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Wisdom from Squidward

October 18, 2011

In my previous life, I taught high school economics and one of the concepts we talked about was the “law of diminishing marginal utility”.  In simple terms, this means too much of a good thing can lose its value.  As Squidward gobbles his 100th krabby patty in the video, there is not nearly as much enjoyment as he had with the first one or even the tenth or twentieth one.  Pretty simple concept, too much of a good thing is not good.  Right?

I think this may be a concept we have lost sight of in our hyper caffeinated, ultra competitive world.  The usual logic goes that if 5 of something is good, then 10 is better and 20 is awesome.  This could be piano lessons, travel ball games, vacations, video games or anything else we enjoy or value.  More is better is the American way.  Super size me.

Intuitively, we know that getting out of balance is probably unhealthy in most cases.  Motivation and enjoyment can drop as a once precious activity becomes routine.  So, why do we do it?  Specifically, why do we do it to our kids?  I think the answer is simple:  fear.  When I was coaching high school baseball years ago, I felt compelled to run a summer program and have a combined 70 games between the spring and summer.  Did the summer program help our competitiveness?  Absolutely.  Could we have sliced off about 20 games and probably achieved the same result?  Probably.  So, why didn’t I reduce the schedule?  Why did I risk serious harm to my family relationships and keep the larger schedule?  Simple, I was afraid that since everyone else was doing 70-80 games, I needed to do it too in order to stay competitive.  My fear led me to make an irrational decision.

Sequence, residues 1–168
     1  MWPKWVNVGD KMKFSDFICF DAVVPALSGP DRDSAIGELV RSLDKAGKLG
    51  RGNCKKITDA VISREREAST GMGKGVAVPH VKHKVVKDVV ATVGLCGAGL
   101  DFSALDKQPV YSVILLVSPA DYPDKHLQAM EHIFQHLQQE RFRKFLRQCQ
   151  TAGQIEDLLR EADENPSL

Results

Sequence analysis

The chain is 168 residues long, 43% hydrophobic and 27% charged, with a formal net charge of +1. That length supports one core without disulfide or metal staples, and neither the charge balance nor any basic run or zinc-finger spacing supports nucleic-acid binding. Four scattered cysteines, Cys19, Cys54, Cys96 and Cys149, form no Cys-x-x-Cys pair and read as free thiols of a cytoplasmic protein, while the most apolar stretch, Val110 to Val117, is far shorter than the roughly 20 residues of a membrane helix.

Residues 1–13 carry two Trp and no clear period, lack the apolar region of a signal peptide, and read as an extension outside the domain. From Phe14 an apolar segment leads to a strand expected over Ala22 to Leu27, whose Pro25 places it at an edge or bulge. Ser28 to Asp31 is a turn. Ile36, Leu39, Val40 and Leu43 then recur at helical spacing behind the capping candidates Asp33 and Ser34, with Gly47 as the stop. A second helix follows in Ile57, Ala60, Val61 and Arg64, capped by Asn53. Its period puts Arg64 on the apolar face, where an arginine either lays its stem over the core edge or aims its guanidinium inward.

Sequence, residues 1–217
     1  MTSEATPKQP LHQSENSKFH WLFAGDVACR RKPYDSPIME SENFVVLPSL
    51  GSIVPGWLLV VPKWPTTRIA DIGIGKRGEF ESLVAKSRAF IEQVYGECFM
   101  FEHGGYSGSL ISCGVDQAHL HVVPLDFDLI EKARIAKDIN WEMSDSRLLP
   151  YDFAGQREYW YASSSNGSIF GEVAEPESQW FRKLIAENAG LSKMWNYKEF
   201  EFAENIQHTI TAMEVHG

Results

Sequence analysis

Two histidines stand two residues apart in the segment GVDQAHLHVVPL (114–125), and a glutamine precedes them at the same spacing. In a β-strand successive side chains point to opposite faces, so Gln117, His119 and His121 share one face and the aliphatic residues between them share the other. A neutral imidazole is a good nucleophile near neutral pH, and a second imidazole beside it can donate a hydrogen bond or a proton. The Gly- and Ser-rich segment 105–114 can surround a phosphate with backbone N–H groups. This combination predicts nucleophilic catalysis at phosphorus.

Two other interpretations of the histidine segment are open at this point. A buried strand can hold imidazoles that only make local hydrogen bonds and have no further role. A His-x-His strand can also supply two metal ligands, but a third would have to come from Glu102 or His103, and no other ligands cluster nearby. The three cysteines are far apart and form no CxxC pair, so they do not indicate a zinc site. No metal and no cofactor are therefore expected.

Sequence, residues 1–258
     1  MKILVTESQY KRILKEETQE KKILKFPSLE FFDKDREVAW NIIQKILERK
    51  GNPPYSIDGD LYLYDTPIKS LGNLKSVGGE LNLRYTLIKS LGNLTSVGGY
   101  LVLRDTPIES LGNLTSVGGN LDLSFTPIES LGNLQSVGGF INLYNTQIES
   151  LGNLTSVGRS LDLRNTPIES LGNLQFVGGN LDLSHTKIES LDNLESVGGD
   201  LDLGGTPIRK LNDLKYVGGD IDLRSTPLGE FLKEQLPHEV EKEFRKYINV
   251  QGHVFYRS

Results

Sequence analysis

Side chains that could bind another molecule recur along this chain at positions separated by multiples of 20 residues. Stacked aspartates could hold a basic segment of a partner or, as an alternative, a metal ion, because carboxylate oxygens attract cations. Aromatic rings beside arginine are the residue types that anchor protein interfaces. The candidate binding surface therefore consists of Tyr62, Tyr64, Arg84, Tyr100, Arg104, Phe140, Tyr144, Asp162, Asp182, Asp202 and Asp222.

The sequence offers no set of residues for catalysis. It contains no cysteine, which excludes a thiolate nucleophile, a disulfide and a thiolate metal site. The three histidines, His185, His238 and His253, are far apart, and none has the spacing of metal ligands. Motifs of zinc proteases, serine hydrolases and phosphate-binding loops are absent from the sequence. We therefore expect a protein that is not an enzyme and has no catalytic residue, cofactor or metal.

As fathers, none of us wants to see our kids fall behind or become disadvantaged.  But, truly more is not always better.  From the boom of overuse injuries in athletics, to burnout in music and theater to drug use as a way to cope with academic stress, more is truly not always better. I am all for pursuing excellence, but our kids need boundaries and balance.  Dads, we need to check our own egos at the door and look out for the long term health of our children.  If we do not provide the boundaries for our children, who will?

As Ben Franklin said, “Do everything in moderation.”  Your kids will thank you.

Patrick Donohue is a Life Coach in Oak Park, IL.  Contact him at victorylifecoaching@gmail.com

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One Comment leave one →
  1. October 18, 2011 10:57 pm

    I’m with you in spirit—and I’m with SpongeBob (http://bit.ly/qFHgHB). Namaste

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